Coastal Artillery Overseas Cap

$665.00

Condition: Near Mint

Maker: Paris (France)

Size: 56

In stock

Product Description: This Kriegsmarine Coastal Artillery Overseas Cap is without a doubt one of the finest examples I have ever owned. It’s an absolutely textbook, all-original piece, in pleasant, lightly worn condition. This Kriegsmarine Küstenartillerie “Schiffchen” overseas cap was made in occupied France, something more commonly seen with Kriegsmarine headgear than the other Wehrmacht branches. The cap is constructed of a typical wartime field gray wool. The surface shows slight wear to the nap. The front of the cap has a complete set of insignia, with a national colors cockade and a German Navy eagle in gold on a field gray backing. Both are Bevo machine embroidered and factory applied. The cockade is machine stitched and the eagle is neatly hand stitched as was often done. Inside, the cap is lined with gray cotton fabric. Slight wear has obscured the maker mark and date, but it is a typical circular stamp as seen in French made caps. The word “Paris” can be made out in the stamp. There is also a size stamp, “56.” This desirable Coastal Artillery Overseas Cap is a gorgeous display piece. It rates as near mint.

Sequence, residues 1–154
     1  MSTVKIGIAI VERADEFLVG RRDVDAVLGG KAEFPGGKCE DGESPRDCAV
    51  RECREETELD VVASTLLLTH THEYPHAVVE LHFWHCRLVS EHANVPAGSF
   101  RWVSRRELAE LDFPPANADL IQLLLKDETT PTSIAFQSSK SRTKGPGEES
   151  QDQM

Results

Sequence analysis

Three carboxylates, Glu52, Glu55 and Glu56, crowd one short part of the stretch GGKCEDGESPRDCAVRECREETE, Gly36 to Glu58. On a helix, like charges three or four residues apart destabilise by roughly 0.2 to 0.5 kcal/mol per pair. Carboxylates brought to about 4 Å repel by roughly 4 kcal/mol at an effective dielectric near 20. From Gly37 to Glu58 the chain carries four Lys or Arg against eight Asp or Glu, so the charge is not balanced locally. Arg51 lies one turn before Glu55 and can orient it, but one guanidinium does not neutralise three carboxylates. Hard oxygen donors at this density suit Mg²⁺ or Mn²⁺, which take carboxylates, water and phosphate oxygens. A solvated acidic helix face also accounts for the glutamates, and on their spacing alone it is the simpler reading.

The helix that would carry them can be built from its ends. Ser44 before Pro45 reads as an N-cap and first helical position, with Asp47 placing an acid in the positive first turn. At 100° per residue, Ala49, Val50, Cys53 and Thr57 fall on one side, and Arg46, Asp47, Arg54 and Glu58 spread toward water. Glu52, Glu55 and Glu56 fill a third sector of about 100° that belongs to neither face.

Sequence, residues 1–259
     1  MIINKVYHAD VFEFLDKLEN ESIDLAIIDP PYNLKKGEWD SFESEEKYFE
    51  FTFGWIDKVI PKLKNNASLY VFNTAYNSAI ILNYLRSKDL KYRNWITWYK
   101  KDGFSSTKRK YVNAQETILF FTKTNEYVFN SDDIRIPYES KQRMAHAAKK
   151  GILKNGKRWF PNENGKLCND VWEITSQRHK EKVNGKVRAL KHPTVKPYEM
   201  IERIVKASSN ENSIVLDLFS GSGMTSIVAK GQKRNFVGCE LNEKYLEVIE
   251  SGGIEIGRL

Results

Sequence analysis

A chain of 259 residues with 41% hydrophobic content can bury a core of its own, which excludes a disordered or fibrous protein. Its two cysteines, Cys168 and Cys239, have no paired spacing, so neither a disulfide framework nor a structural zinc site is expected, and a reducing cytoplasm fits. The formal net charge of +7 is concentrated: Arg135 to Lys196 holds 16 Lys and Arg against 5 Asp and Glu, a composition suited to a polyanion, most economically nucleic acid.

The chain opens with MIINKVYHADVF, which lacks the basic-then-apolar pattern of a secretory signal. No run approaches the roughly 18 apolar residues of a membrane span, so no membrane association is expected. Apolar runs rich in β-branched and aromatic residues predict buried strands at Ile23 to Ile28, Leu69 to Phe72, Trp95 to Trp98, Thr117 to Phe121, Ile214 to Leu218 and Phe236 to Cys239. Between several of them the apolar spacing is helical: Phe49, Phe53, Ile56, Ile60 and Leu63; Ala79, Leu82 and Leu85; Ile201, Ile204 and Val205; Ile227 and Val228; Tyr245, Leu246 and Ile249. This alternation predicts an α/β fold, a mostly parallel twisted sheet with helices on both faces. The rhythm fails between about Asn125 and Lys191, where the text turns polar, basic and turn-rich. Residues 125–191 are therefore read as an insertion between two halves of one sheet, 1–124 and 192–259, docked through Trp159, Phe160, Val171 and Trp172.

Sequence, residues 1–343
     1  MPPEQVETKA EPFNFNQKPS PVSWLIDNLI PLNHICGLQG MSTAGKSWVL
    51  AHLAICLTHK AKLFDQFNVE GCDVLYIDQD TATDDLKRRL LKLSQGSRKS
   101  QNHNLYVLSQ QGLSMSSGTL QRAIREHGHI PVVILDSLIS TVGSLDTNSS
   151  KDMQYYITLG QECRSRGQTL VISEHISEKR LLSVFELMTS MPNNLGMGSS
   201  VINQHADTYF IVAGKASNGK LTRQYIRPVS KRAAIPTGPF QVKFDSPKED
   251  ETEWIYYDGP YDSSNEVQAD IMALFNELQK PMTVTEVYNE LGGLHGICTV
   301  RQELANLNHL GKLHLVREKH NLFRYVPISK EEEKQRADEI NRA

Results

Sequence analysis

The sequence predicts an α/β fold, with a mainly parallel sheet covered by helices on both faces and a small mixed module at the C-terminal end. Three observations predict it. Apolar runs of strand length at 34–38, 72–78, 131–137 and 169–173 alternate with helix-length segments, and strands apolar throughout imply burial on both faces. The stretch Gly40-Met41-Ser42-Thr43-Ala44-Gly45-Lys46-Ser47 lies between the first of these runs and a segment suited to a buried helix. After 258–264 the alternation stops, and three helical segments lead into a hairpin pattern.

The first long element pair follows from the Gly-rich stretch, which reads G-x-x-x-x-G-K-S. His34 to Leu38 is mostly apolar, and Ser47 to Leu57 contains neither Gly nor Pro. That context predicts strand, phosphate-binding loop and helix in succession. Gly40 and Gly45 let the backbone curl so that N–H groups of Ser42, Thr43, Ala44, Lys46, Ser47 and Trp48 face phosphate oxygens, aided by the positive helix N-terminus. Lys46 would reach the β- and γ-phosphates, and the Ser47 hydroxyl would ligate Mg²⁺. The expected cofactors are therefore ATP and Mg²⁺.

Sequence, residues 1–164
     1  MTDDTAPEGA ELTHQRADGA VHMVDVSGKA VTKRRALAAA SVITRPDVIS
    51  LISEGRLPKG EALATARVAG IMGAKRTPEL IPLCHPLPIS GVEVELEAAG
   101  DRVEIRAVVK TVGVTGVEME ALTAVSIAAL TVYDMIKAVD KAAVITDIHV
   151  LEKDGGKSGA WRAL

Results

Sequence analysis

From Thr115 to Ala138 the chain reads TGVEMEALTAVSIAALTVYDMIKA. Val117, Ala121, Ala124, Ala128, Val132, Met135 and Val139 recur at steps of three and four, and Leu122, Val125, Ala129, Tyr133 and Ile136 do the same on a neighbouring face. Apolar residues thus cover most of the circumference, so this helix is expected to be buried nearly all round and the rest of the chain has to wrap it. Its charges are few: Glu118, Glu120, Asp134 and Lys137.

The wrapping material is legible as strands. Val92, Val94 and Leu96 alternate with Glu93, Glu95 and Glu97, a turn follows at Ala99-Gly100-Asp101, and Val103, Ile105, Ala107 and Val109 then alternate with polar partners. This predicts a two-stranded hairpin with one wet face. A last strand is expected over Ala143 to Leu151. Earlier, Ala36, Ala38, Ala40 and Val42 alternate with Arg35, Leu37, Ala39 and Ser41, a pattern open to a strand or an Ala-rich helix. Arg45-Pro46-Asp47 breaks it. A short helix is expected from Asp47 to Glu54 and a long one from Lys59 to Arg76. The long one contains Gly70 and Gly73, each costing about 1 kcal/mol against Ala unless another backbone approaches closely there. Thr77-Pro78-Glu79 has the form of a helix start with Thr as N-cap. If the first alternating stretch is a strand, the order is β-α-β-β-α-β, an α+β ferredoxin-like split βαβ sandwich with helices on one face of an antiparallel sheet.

Historical Description: The “side cap” was a part of the uniform worn by nearly all military, paramilitary, political and civil organizations in the Third Reich. It was a narrow hat that could be folded flat and tucked into a belt or haversack. This was, at the time, a very stylish type of uniform cap; in the German Army, it replaced the round “pork pie” style of field cap used in the Great War. The German name for this cap, in most organizations, was “Feldmütze”- field cap. Despite the name, it was often worn as a daily service cap by postal workers and other personnel who would never be deployed to the field.  The men and women who wore the side cap gave it the nickname “Schiffchen,” meaning little boat, due to its shape. The side caps were made in the same type of fabric as the uniforms, in the uniform color particular to each organization. The side caps were adorned with branch-specific insignia, usually bearing some form of the German eagle and swastika national emblem. Many side caps also bore red, white, and black national cockades. The insignia were usually embroidered or woven, but metal devices were used on some caps as well. Officer caps generally were distinguished by silver braid along the top edge and/or on the upper part of the flap at the front of the cap and were often custom tailored from fine fabrics. The German military, and many other organizations, had broadly replaced the side cap with a new, more practical cap featuring a brim, by 1943. But the side cap continued to be worn by some troops until the end of the war.

 

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